Roche-Genentech deal goes hostile

Twice rebuffed in its efforts to acquire the 44 percent of Genentech Inc. it does not already own, Swiss drugmaker Roche late last month officially launched a hostile offer for the San Francisco-based biotech for $86.50 in cash per share, or about $42 billion.

Amy Swinderman
BASEL, Switzerland—Twice rebuffed in its efforts to acquire the 44 percent of Genentech Inc. it does not already own, Swiss drugmaker Roche late last month officially launched a hostile offer for the San Francisco-based biotech for $86.50 in cash per share, or about $42 billion.

The companies have been at an impasse since July 2007, when Roche proposed an $89-per-share takeover. According to Roche's filing with the Securities and Exchange Commission (SEC) on Monday, Genentech initially refused to place a value on the company until Roche raised its offer. In December, Genentech's board of directors told Roche it would consider selling the remaining stake in the company for $112 per share, or about $52 billion.

Unable to reach a deal, Roche said in January that it would go directly to Genentech's shareholders through a tender offer. On Monday, Genentech's board members advised shareholders to take no action on the offer. Officials from both companies did not respond to a request for comment.

In its SEC filings, Roche also said it plans to exercise its right to increase its representation on Genentech's board to account for its 100 percent stake in the company, which would give it a majority on the board. The tender offer expires March 12, but Roche has the option to extend it.

Much of the impasse stems from the anticipated clinical trial results of Genentech's blockbuster cancer drug Avastin, which is in trials for post-surgery colon and lung cancer. If the drug is successful in clinical trials, however, it could bring $1 billion to the total $2.7 billion in sales it saw in the United States last year—increasing Genentech's value to Roche.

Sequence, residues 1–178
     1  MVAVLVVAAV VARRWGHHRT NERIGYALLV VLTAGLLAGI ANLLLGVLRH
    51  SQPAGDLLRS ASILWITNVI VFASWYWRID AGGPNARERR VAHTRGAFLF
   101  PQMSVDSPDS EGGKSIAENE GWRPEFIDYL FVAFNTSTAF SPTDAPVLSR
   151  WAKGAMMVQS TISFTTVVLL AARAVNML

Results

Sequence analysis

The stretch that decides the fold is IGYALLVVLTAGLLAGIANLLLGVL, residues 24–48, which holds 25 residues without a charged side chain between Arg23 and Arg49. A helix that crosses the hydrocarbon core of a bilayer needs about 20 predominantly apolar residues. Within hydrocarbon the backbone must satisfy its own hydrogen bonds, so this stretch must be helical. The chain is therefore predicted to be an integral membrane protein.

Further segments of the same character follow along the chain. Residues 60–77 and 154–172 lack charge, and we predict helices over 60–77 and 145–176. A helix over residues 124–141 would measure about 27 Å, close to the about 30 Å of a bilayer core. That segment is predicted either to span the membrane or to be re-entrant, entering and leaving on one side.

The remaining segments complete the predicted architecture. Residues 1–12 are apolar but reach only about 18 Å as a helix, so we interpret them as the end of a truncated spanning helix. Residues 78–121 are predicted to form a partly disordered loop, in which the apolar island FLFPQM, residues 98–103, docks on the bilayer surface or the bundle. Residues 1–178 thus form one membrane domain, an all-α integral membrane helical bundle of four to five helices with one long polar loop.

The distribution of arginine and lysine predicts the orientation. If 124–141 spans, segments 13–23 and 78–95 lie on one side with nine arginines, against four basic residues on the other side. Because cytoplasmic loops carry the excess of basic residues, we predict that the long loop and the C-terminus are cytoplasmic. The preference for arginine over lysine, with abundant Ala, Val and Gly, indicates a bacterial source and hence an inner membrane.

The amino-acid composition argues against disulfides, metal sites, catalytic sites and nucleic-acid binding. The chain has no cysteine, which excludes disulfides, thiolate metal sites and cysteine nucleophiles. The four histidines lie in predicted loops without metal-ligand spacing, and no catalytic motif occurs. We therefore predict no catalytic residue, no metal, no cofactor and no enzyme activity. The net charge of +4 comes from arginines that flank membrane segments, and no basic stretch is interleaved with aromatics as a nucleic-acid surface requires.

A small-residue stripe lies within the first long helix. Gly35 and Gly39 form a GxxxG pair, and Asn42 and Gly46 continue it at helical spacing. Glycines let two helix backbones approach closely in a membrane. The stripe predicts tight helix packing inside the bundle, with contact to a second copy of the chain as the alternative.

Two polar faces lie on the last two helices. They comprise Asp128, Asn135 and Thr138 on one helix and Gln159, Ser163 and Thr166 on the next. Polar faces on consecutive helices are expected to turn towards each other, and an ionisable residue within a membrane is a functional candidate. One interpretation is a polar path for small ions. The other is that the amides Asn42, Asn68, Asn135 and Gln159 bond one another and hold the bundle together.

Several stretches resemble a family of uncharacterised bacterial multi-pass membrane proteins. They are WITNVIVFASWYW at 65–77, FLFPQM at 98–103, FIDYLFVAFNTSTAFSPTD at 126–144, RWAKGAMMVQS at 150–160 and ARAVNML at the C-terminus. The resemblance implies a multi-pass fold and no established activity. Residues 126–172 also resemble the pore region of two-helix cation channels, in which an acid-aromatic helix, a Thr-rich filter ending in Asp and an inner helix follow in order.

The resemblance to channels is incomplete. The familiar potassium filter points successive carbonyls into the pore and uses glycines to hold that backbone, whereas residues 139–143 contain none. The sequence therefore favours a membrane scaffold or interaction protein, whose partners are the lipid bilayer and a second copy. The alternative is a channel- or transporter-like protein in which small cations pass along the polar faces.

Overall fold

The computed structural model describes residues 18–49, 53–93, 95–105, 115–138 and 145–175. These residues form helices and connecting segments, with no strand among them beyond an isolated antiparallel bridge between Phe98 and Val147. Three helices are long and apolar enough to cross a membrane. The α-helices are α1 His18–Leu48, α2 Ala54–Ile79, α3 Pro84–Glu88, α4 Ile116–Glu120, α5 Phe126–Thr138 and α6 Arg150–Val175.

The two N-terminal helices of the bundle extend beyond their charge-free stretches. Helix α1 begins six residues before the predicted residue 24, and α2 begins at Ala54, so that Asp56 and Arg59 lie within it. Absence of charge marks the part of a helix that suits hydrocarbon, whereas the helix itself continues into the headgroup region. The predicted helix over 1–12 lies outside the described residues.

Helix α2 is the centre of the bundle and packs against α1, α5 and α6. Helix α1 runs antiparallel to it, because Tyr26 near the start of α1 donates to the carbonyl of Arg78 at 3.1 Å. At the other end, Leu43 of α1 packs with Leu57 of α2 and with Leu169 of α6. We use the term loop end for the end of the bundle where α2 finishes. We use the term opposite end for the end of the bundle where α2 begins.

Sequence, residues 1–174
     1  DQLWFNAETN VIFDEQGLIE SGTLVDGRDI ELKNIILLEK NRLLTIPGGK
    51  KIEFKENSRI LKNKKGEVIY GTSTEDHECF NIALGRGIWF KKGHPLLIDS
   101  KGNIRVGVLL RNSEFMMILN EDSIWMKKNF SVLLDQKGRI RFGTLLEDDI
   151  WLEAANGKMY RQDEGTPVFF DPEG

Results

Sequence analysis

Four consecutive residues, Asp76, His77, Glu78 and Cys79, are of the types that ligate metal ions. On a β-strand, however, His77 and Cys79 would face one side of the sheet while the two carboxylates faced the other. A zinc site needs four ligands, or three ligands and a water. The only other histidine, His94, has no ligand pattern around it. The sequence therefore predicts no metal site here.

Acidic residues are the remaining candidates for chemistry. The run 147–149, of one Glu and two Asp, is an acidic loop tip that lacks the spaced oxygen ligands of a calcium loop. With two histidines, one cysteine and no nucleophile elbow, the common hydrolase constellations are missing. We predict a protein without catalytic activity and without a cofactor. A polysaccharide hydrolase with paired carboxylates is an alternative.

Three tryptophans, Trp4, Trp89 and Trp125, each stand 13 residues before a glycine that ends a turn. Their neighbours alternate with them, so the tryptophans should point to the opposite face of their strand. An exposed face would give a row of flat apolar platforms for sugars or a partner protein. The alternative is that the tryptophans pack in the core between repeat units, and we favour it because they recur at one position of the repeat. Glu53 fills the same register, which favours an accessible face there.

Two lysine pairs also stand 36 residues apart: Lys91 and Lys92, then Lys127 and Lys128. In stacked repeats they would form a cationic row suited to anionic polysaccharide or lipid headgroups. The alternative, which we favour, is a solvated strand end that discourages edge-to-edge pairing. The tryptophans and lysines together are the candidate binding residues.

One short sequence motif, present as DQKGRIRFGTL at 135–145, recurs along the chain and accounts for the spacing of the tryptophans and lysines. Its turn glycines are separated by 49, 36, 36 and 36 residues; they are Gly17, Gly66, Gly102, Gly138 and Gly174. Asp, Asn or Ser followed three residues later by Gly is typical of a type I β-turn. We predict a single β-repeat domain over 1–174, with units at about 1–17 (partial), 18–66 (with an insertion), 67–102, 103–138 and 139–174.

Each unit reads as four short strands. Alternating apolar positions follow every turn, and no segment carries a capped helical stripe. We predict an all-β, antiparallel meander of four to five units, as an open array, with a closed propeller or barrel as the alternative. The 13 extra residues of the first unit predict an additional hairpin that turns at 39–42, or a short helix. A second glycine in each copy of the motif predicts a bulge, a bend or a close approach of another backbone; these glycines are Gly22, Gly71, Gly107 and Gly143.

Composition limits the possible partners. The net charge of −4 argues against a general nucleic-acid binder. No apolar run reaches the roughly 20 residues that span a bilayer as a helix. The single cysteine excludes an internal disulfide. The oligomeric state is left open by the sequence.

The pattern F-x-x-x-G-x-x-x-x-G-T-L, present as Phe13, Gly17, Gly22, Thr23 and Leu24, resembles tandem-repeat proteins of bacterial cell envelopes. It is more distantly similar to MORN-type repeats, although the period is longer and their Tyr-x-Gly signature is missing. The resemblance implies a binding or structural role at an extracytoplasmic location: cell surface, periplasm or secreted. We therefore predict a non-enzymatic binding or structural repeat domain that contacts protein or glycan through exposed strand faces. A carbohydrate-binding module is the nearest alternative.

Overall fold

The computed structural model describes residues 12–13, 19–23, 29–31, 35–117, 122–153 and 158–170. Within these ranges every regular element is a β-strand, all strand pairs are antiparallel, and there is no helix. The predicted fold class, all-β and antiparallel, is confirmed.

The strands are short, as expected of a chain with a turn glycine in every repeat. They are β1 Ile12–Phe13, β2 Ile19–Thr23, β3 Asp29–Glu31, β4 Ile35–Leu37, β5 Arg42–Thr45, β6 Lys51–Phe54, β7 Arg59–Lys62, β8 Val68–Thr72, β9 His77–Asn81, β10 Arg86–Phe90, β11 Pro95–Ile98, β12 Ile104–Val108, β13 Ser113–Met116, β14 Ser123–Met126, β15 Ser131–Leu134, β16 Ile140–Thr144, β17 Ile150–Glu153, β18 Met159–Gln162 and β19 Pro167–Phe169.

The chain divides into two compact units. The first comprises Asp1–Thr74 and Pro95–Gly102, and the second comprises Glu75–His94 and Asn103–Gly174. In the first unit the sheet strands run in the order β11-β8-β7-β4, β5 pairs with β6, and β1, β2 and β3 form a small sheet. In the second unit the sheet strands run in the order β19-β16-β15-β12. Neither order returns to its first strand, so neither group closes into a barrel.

Genentech has 10 days to file its response. Following the news, Genentech shares fell below Roche's offer at $82.70.

Analysts are sharply divided on the potential takeover. Many investors believe Roche will not be able to come up with the cash. In its filings, Roche said it lowered its asking price to $86.50 due to its difficulty in securing credit to finance the acquisition. Roche said it intends to finance the deal through a combination of its own funds, commercial paper, bonds and traditional bank financing, but its tender offer is conditional on its ability to secure funding.

"Some even wonder whether Roche's decision to go hostile—announced just days before the release of its 2008 results—could actually have been prompted by the prospect of slowing growth, as well as the strengthening U.S. dollar and tighter credit conditions," a Reuters report said.

Others believe Goldman Sachs overestimated Genentech's value.

"So what is the correct price for Genentech?" writes Jim Edwards, a BNET Pharma analyst. "There's a simple answer if you're a Genentech stockholder: The correct price is the price being offered by the highest bidder in the market. DNA traded at $80 before the bid, and is now at about $83. Roche is offering $86.50. There are no other bidders. That's the price of Genentech stock." DDN

Amy Swinderman

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